Monday, July 29, 2013

Reasons to maintain a family budget. How to structure it and who is responsible

I plan to publish my book "HOME FINANCES for COUPLES. Resolve Money Problems in Marriage and Learn Easy Steps to manage Family Budget" on August 20th, 2013.

At this blog you can taste pieces that are ready. 

Watch Video preview of Chapter 2  (30 seconds) at Youtube

Here is the extract from Chapter 2. "Reasons to maintain a family budget. How to structure it and who is responsible".W

...How to Structure The Family Budget

I have already mentioned in Chapter 1 that the best system is “ours” money. Let’s see how it works, by looking at this chart: 

I would recommend having at least two bank accounts for the family budget: a checking account (to which both partners have access) and a savings account. So, you would pay your bills from your checking, while your savings account is the indicator of your progress toward your saving goals. It’s just a basic set, most of the families I’ve met have more than two accounts.

In the previous chapter, I mentioned a monthly allowance for each partner. So, how will that work? Here’s how.

Here are some typical expenses for women: personal beauty (hairdresser, cosmetics), non-ordinary clothes and accessories (fancy dress, purse, etc.), hobbies and personal time with friends.

Here are some typical expenses for men: consumer electronics (smartphones, tablets, devices), sports, hobbies and personal time with friends.

Now, it’s time for a short Q&A session:

Is the monthly allowance a fixed amount or a percentage of income?
I’d rather stick with a fixed amount, as it simple and easy to understand.  For instance, set $1,000 per month for each partner. Keep it simple.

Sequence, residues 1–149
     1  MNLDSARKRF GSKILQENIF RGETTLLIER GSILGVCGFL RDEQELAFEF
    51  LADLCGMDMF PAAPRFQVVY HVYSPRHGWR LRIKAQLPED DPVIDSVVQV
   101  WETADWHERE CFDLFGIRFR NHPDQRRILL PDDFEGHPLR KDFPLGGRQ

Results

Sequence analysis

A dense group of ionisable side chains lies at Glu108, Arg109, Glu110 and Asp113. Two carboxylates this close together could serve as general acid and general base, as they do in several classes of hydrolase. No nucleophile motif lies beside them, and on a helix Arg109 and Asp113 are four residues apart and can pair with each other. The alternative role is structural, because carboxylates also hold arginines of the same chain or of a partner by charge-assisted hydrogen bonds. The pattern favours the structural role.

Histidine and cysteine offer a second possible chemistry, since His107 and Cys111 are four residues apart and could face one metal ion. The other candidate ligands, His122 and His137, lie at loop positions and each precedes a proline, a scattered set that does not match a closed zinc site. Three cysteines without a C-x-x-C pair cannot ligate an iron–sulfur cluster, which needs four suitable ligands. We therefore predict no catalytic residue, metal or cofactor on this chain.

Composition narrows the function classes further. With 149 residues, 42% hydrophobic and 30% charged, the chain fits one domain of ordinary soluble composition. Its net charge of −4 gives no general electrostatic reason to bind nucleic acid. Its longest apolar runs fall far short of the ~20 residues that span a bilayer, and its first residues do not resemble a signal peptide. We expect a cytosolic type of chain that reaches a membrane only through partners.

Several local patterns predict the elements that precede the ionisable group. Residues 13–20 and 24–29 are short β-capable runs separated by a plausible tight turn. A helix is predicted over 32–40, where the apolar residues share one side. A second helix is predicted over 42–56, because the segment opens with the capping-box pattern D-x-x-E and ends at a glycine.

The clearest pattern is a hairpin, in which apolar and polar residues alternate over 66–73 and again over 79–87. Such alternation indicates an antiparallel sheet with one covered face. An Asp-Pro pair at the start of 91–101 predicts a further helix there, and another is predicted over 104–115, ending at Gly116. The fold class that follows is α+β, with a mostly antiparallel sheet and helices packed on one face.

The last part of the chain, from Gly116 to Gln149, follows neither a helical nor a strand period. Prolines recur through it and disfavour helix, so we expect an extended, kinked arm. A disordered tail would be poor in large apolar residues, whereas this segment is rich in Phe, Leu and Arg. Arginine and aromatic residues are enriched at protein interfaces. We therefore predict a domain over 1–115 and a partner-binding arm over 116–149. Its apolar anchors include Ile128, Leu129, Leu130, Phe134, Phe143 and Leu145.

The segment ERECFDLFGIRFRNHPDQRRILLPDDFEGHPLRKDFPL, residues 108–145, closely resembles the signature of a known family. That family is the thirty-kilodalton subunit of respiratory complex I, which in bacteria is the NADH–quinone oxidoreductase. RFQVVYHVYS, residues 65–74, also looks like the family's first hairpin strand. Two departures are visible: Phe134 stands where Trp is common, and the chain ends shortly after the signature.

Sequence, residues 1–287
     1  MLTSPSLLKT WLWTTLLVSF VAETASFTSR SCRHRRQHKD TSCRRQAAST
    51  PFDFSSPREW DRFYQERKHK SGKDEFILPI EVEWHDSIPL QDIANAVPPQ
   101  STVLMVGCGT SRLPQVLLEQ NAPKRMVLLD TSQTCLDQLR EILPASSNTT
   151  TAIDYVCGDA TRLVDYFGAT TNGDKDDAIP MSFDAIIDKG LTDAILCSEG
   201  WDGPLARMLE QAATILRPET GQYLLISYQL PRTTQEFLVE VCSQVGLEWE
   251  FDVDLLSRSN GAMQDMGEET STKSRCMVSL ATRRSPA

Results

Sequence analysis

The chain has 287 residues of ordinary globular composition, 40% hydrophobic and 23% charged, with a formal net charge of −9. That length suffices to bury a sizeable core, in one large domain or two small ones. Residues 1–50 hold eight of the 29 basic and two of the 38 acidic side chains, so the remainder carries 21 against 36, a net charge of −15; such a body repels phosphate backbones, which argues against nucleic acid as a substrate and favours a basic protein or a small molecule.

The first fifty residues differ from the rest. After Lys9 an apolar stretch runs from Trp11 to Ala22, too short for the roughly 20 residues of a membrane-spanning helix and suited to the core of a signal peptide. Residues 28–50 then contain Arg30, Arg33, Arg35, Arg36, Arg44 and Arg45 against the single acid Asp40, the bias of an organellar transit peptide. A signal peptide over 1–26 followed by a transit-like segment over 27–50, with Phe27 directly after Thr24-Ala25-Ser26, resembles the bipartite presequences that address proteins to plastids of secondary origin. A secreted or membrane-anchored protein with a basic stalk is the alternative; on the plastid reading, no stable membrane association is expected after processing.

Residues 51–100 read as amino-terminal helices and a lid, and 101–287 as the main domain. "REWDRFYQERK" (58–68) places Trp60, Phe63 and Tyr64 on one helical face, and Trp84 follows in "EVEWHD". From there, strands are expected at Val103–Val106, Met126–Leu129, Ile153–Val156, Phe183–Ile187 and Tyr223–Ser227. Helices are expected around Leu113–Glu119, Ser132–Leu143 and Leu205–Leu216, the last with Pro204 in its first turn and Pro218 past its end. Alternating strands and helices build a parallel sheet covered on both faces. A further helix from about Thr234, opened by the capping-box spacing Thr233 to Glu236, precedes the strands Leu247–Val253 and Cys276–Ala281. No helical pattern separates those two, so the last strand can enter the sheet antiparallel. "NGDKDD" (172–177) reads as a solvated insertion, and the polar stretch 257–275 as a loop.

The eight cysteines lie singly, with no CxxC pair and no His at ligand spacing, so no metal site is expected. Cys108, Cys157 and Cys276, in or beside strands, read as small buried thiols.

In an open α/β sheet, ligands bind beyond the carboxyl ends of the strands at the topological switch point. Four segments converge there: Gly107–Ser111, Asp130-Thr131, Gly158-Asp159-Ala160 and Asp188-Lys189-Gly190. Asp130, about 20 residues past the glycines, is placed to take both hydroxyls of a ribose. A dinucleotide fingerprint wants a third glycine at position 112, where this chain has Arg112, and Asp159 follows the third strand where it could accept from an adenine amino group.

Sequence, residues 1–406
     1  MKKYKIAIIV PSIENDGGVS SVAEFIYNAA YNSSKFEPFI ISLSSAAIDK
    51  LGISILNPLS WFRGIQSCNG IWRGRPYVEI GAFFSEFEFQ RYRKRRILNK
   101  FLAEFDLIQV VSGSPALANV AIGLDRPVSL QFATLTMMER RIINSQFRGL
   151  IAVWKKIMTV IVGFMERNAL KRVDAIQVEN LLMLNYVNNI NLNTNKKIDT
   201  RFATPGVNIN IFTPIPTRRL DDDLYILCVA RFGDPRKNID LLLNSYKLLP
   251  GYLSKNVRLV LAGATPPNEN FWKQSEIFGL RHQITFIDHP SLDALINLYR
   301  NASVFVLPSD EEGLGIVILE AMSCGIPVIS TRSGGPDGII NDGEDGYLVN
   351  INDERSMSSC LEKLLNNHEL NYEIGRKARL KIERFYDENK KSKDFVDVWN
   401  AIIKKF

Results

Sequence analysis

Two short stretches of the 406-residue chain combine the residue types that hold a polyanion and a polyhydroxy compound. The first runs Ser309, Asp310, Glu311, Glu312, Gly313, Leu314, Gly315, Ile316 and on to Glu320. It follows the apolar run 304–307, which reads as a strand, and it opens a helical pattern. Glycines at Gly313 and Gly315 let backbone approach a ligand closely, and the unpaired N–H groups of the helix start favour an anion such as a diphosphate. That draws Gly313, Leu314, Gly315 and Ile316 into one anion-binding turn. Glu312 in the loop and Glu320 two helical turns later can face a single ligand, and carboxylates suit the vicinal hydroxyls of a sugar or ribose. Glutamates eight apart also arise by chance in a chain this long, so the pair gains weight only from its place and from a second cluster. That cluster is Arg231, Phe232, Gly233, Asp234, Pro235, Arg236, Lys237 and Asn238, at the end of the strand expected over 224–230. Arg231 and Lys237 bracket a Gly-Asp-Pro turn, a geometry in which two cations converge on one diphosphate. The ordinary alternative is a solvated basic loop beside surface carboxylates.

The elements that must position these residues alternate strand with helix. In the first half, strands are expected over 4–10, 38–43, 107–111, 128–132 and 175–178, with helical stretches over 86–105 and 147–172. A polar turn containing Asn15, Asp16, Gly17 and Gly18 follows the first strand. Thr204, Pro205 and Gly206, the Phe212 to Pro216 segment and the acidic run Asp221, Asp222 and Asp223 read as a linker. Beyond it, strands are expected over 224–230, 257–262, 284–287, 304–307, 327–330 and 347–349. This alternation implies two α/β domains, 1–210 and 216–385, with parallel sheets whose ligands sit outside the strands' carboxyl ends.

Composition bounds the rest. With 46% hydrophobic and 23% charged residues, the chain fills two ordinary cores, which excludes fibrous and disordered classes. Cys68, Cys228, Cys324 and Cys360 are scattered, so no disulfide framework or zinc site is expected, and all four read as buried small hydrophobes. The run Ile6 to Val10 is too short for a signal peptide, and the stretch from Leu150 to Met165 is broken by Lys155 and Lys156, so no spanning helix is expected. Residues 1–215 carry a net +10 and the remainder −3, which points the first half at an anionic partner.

Should each of us get the same amount of monthly allowance?
Yes, regardless if one earns more than the other. However, if one of the partners specifically asks for less than the agreed amount, then why not try it? 

Do I need a personal bank account for the allowance?
It’s up you. From what I’ve seen, those who are employed usually do. 

How do we distinguish a personal expense from a family expense? Let’s say ordinary T-shirts—how would you classify them?
It’s up to you, as long as you are going to stick to it. The list is specific for each family; I won’t be able to create and enforce a home-accounting standard. Make a list. Introduce amendments and/or corrections within a certain time frame (annually is recommended). The Rule of Thumb is to have all emotional “little happiness” expenses come from the personal account.

As well, here is a reminder of the purpose of your monthly allowance: It seriously reduces the risk of financial fights over necessary/unnecessary purchases.
By the way, I would treat ordinary T-shirts as a family expense.

Exercise 2.1. Agree on the amount of the monthly allowance for “his” and “her” needs with your partner. 

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